Woznicki v. Raydon Corp., et al., No. 6:18-cv-2090-Orl-78GJK (M.D. Fla. Mar. 16, 2020) (Judge Wendy W. Berger). The court adopted the R&R recommending that class certification be granted.  The court rejected Defendants’ objection that Plaintiff is unduly antagonistic towards Defendants such that she would not be able to fairly and adequately represent the class.  The court was not persuaded by declarations submitted by potential class members stating that they do not agree with Plaintiff’s representation of them in this litigation.  “The fact that the Raydon Defendants’ employees may not like Plaintiff or agree with comments that she has made does not equate with inadequacy.”  Lastly, the court overruled Defendants’ objections concerning the finding that Ms. Tatum has standing since the court found that her claims are not typical of the class and she is not a proper class representative.

Disability Benefit Claims

First Circuit

Gammon v. Reliance Standard Life Insurance Company, 1:18-CV-11665-DPW, __F.Supp.3d__, 2020 WL 1190926 (D. Mass. Mar. 12, 2020) (Judge Douglas P. Woodlock). Reliance Standard terminated Plaintiff’s long term disability benefits after three years because it determined that her disability was caused by or contributed to by her depression and she was not independently physically disabled. Plaintiff claimed she was disabled from a myriad of conditions including, inter alia, sciatica, migraines, fibromyalgia and depression. Under the arbitrary and capricious standard, the court found that Reliance Standard reasonably determined that Plaintiff was capable of working full time, or that her inability to work was at least partially due to depression. Reliance Standard conducted three days of surveillance showing Plaintiff running multiple errands and shopping for dresses, which Reliance Standard found contradicted her claim that she was physically disabled. In addition, Reliance relied on Plaintiff’s Social Security Disability award, which the court said was “ambiguous” and deferred to Reliance Standard’s interpretation. Reliance Standard’s interpretation was that Social Security found Plaintiff physically, but not psychologically, capable of working.  The court concluded Reliance Standard’s decision was not arbitrary and capricious and was supported by a reasonable reading of the record as a whole.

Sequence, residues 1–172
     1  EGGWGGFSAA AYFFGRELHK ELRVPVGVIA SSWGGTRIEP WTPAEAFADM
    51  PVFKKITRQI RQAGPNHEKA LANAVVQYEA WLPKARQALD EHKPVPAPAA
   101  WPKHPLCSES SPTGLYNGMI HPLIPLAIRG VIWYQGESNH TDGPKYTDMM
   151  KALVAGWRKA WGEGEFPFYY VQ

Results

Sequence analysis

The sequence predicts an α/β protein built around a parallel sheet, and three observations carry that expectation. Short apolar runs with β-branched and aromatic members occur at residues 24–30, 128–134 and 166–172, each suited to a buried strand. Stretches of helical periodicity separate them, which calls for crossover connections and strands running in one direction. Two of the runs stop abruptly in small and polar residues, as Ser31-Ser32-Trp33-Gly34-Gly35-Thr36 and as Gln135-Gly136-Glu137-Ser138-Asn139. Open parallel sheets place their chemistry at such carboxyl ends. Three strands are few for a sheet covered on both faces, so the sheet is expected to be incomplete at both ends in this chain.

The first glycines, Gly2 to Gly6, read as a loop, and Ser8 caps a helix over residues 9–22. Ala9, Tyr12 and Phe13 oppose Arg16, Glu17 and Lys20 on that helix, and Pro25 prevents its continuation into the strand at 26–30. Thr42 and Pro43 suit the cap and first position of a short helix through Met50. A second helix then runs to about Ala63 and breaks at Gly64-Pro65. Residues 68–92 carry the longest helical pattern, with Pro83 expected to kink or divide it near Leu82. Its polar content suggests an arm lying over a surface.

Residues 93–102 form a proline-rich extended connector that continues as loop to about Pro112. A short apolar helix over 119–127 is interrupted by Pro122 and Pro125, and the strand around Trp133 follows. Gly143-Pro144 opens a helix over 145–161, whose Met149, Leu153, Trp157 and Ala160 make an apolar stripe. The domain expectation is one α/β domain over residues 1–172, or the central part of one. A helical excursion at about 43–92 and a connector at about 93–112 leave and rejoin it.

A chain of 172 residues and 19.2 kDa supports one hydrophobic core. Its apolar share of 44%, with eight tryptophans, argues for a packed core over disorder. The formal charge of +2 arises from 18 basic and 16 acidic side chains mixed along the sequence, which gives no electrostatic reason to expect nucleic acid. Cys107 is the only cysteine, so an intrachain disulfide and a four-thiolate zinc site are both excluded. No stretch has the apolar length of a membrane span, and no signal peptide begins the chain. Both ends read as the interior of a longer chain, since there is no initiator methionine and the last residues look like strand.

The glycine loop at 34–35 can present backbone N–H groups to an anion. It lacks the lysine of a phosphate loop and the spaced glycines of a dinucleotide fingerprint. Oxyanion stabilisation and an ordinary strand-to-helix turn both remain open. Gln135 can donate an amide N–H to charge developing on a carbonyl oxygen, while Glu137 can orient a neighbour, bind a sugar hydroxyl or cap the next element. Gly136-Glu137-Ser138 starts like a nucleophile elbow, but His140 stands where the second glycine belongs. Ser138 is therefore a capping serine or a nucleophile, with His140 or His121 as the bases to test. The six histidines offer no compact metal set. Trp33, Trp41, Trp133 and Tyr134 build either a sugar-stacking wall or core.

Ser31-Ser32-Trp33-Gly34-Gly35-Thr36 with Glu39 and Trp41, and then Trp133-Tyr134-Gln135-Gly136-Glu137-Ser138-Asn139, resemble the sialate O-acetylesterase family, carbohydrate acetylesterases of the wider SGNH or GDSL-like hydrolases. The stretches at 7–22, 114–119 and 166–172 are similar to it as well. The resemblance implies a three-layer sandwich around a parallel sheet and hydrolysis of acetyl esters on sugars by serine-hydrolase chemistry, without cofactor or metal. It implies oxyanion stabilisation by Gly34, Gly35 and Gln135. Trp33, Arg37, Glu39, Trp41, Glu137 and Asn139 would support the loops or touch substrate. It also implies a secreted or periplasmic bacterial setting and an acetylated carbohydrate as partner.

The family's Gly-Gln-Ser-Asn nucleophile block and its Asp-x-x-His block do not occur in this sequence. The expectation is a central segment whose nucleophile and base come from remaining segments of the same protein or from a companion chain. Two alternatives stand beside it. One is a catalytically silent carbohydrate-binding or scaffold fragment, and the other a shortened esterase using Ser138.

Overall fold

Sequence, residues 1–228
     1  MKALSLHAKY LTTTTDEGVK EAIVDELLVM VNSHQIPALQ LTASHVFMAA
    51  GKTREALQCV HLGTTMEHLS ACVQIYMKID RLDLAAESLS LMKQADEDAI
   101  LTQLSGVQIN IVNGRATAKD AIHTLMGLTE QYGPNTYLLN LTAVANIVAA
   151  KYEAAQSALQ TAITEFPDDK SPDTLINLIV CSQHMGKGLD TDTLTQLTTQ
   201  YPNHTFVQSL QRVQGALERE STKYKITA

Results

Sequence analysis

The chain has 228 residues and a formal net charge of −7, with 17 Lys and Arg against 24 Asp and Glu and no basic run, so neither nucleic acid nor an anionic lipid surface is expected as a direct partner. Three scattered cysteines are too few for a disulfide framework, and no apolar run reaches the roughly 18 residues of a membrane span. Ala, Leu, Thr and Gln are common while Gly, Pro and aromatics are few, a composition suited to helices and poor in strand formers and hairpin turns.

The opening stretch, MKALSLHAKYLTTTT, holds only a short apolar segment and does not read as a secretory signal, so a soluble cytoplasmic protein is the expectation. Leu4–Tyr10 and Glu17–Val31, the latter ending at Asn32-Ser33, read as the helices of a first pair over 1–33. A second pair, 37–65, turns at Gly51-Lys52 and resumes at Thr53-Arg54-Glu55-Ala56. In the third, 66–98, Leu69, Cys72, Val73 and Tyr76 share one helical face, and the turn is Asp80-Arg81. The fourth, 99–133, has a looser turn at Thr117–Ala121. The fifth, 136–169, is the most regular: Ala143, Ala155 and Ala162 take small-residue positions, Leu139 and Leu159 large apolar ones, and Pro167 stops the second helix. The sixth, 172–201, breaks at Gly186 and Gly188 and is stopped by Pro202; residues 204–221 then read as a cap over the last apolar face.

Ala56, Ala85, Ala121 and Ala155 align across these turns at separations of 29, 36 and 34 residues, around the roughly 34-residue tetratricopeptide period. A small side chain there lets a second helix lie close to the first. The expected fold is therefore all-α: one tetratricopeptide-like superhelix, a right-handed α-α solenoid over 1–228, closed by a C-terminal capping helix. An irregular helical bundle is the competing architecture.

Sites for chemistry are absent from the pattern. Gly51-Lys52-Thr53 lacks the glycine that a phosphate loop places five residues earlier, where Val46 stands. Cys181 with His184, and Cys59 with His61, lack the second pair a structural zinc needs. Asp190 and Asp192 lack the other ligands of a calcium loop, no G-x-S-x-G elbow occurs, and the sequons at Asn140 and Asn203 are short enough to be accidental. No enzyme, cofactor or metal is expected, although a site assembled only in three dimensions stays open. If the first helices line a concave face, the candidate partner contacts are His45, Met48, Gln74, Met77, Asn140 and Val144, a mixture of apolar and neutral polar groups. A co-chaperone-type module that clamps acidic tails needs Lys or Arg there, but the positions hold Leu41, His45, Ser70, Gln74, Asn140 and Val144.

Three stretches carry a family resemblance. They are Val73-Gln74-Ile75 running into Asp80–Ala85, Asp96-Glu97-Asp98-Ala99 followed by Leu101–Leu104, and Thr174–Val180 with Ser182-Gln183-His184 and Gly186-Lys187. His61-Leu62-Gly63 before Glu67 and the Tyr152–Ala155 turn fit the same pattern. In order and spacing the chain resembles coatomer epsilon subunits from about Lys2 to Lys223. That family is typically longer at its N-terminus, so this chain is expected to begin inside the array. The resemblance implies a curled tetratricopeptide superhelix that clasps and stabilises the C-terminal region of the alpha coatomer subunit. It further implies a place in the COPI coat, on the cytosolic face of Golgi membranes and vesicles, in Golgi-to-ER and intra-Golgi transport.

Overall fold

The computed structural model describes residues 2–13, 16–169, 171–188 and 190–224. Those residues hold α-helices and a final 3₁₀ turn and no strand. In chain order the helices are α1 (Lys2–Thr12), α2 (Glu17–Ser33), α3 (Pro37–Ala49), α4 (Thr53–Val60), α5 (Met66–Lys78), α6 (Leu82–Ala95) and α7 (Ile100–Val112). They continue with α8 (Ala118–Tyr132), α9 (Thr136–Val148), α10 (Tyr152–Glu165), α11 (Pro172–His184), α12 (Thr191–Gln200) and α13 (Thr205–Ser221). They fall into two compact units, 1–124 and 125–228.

Fifth Circuit

Miller v. Reliance Standard Insurance Company, No. CV 18-10028, 2020 WL 1183712 (E.D. La. Mar. 12, 2020) (Judge Greg Gerard Guidry). The court upheld the denial of Plaintiff’s long-term disability benefits on the basis that his disability was precluded by the Plan’s pre-existing condition exclusion.  Here, Plaintiff worked for Lake Charles Pilots, Inc. (“LCP”) and incurred a disability on July 1, 2015.  At the time LCP had short-term and long-term disability coverage through Prudential.  Prudential terminated its policy with LCP on August 31, 2015. Effective September 1, 2015, Reliance Standard began insuring the company’s STD and LTD benefits.  Plaintiff was released to return to work on October 23, 2015 and while “on-call” he fell down his stairs causing him to not be able to return to work as scheduled on November 4, 2015.  Reliance paid his STD benefits but denied his LTD benefits on the basis that Plaintiff would have had to return to “Active Work” between September 1, 2015 and October 23, 2015 to be covered by its LTD policy.  Plaintiff eventually returned to full-time work on July 27, 2016 but then went on disability again on August 11, 2016. The court found that the effective date of coverage under Reliance’s LTD policy was August 1, 2016 and his August 11th disability was subject to the pre-existing condition exclusion because it occurred within 12 months of his effective date of coverage.  The court rejected Plaintiff’s argument that his time insured by Prudential must count towards the pre-existing condition look-back period under La. R.S. § 22:1006 since this applies to health benefit plans and the LTD policy does not qualify as a “health benefit plan” under this law.  Additionally, the LTD policy’s “Transfer of Insurance” provision does not apply to Plaintiff because premiums were not paid for Plaintiff when Reliance began insuring the plan in September 2015 and he was not “Actively at Work” until July 2016.